Watch out league, the football genius is back.
You know, that portly fellow who revived a nation of cheeseheads. The spectacled offensive guru who turned a little-known Southern Miss grad into a three-time MVP and legend on the frozen tundra. The man who proved that the West Coast Offense wasn’t just for Californians anymore. The guy who beat Parcells in his last Super Bowl appearance.
You remember him. You remember Mike Holmgren, right?
No? Well, he probably wouldn’t mind if you didn’t notice his past four mediocre seasons in Seattle. After all, he hasn’t done much since being hailed as the Holy Trinity (head coach, general manager, and overall football savior) for the bedraggled Seahawks in 1999. Sure, he made the playoffs his first year in Sea-town, but that was with Dennis Erickson’s players. Since re-making the team in his image, the results have been no better than they were under Erickson. And Seahawks’ owner Paul Allen didn’t save the team from moving to Los Angeles in order to facilitate Ericksonian results.
Holmgren and the Hawks almost came to the breaking point last year. The Seattle press buzzards swarmed after the Seahawks’ 1-5 start. The coach descended into media hell. Spurred on by the prognosticators, the fans called for Holmgren’s head, and ended up getting one of them when he was forced to relinquish his GM duties after the season. But the Seahawks’ 91-point, three-win performance in the last three games of the season allowed him to keep the coaching headset on, at least for 2003. It was universally accepted that he needed to guide Seattle to the postseason in order to keep his job. The press entered the new year frothing at the prospect of another failed coach’s media crucifixion.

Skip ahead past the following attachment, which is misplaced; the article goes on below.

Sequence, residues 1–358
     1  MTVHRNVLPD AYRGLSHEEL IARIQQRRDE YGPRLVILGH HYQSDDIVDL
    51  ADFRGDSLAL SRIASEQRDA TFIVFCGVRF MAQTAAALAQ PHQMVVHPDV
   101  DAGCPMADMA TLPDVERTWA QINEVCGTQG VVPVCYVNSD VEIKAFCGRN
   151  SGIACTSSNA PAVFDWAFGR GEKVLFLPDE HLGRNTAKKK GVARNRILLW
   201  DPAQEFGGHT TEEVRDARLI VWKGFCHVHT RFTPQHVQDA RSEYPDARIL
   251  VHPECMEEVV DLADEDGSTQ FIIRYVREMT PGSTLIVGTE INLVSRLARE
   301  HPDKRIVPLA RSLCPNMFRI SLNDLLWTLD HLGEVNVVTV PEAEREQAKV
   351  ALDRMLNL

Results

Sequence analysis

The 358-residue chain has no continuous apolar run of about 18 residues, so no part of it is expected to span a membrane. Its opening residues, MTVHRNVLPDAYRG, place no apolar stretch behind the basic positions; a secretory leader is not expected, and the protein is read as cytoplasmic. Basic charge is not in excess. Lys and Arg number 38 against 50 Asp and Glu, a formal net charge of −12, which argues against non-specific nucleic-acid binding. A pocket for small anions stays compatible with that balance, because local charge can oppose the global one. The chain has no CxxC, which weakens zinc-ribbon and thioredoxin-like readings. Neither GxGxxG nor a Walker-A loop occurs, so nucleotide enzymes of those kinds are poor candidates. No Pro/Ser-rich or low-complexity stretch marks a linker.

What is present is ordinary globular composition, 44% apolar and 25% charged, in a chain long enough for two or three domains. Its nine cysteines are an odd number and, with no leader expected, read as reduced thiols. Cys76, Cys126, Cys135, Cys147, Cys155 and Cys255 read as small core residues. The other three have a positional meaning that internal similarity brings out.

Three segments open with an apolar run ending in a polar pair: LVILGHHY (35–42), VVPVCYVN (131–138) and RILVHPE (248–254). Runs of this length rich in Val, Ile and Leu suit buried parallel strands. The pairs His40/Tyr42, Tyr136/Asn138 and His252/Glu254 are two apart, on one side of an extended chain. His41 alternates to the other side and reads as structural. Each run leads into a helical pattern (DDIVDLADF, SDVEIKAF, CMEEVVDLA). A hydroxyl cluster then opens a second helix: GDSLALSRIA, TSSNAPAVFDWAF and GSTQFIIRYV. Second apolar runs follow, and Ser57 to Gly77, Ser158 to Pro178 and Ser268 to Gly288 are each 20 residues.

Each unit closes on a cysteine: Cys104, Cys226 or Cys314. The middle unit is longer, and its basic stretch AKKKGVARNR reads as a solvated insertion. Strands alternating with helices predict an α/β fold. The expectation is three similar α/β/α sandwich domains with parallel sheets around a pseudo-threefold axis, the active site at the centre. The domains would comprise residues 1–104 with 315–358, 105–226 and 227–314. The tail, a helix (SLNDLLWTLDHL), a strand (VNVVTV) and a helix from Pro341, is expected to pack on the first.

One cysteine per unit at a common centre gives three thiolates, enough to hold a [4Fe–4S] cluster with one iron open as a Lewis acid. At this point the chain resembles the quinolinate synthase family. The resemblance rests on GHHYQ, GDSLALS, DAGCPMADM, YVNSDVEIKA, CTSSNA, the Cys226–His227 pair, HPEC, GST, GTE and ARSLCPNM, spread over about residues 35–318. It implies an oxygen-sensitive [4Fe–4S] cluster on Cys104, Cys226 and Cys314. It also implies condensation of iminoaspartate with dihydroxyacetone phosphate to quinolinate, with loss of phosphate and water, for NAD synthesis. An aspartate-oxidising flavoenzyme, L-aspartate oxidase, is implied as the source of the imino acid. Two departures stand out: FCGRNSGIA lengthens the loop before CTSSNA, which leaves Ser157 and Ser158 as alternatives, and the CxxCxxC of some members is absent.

But on the fifth year he rose again.
The man who was once the most respected name in the coaching profession is enjoying a resurrection few could have anticipated in 2003. Yes, the season is just three games old. And yes, assuring the Seahawks of a playoff berth at 3-0 would be foolish. But after the Hawks’ 24-23 comeback win over the Rams on Sunday, there is reason for optimism in the Pacific Northwest.
The defense, guided by Holmgren disciple Ray Rhodes, has more swagger than pre-Bo-humbled Brian Bosworth. Rookie safety Ken Hamlin has people talking about hits the way no Seahawk has since Kenny Easley. Randall Godfrey and Norman Hand are providing more run-stopping backbone than the Seahawks’ defense has had since Cortez Kennedy was fresh out of Miami.
Then there’s the offense, which for the first time under Holmgren has some true West Coast efficiency to it. Mr. Preseason, quarterback Matt Hasslebeck, has figured out how to operate in the regular games. Wideout Koren Robinson is making Holmgren look like a better GM than pundits gave him credit for. What’s more, as the Seahawks’ rally from 13 down against St. Louis proved, the offense has some clutch performances in it, a key component the Seahawks offensive units have almost always lacked.
The final factor that has Holmgren’s Hawks thinking playoffs? The schedule, which is the second-easiest in the league. With games still to come against Chicago, Cincinnati, Detroit and Arizona, Seattle could have seven wins without much effort. Barring a collapse, they should finish with at least 10. And with the way the Mike Martz and Dennis Erickson have the Rams and 49ers underachieving thus far, that could be enough to win the NFC West.
Win the West and fans across the country may soon remember the man once dubbed “football genius.”
“Ooooohhhhh, that’s Mike Holmgren? The guy who won the Super Bowl?”